I leave you to experiment further!


Dave
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Chris Elford | Forum Activity | Replied: Sat, Nov 14 2009 9:57 PM

Dave,

Thanks for looking at this twice. I missed your earlier answer, I'm sorry. I hadn't set it to email me and I didn't twig to the title after all the others I've looked at.

I can see that my basic understanding of the morph search is coming along. I'm still wrestling with specifics of the spacing, etc. Your explanation above is clear.

I'm not used to the terms and concepts in the Syntax search, although your example on my question helps me greatly. I'll have to "go to school" on the terms and concepts by reading through the glossaries and handbooks from Lexham, Andersen Forbes, etc. I took my languages 25 years ago and we didn't use the linguistic approach. I've been able to keep my languages up, fairly well, but haven't kept up with the new approaches.

I'm not sure if the changes are conceptual or more terminological. I'll probably be back asking questions again and again.

I wanted to add the presence of ειμι next. That will eliminate some of the extraneous hits, but won't get the ones that are already not included.

I may have to do it the old fashioned way: looking through them manually. But at least the computer can eliminate some.

Thanks again.

Chris

Posts 16413
Dave Hooton | Forum Activity | Replied: Sat, Nov 14 2009 10:30 PM

Chris Elford:
I wanted to add the presence of ειμι next.

I don't understand this comment!

Chris Elford:

I may have to do it the old fashioned way: looking through them manually. But at least the computer can eliminate some.

Sadly, but I have found that one cannot rely upon one Search method - Syntax search needs to be supplemented by text search and vice-versa. Text produces too many results, and Syntax produces too few (especially if you don't understand all its functions).  What I really miss is the Verse List because I could rapidly find the verses that were missing from each set of results and thus reduce the manual effort.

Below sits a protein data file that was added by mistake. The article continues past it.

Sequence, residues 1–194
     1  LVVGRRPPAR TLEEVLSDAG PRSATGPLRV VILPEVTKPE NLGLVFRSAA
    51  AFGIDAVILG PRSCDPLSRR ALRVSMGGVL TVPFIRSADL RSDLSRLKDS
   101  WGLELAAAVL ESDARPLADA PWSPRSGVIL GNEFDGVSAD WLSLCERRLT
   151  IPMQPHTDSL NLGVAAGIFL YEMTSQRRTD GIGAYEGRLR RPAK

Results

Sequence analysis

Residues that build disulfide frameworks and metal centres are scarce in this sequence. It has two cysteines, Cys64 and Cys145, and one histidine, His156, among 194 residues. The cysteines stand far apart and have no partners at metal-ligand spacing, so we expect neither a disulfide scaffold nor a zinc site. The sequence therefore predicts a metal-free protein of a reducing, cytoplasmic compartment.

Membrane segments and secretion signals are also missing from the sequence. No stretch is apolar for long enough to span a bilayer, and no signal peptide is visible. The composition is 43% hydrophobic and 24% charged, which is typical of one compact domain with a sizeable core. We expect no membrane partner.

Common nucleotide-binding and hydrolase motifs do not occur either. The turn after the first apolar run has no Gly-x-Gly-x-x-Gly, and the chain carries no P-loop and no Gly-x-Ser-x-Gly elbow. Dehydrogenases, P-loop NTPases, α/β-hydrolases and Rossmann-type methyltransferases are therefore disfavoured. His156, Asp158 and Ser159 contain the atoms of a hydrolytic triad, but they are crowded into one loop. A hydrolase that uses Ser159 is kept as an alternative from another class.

Dave
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Chris Elford | Forum Activity | Replied: Sat, Nov 14 2009 10:55 PM

Dave Hooton:

Chris Elford:
I wanted to add the presence of ειμι next.

I don't understand this comment!

What I mean is that the search I asked about (this time) was just the first step I took in trying to identify instances of the use of anarthrous nouns and the verb ειμι. I figured I was complicating things to put the verb in there right away. Since I couldn't get the search to identify the anarthrous nouns reliably I didn't go any further. That comment was to say that if I do add a requirement for ειμι to be present or near  to the search, it will reduce the number of hits because not all the hits you got will have ειμι present.

Reducing the number of hits ought to make the manual part of the search easier. Your desire to have verse lists back, would also help, I agree.

I want to be able to demonstrate that "the Word was God" is the correct translation in Jn 1:1, by doing some basic research rather than just relying on the grammars -- JW's don't listen to grammars, but they may listen, sometimes, to hard factual research - what I'd really like to see is if they are consistent in their mistranslation or not, because, if they put the definite article in in some places then they'll have a harder time arguing that "the Word was a god" is the correct translation in this case. I also tho't this would be a good learning exercise in learning how to use the search features. So, far the latter has proven true even if the former remains to be seen.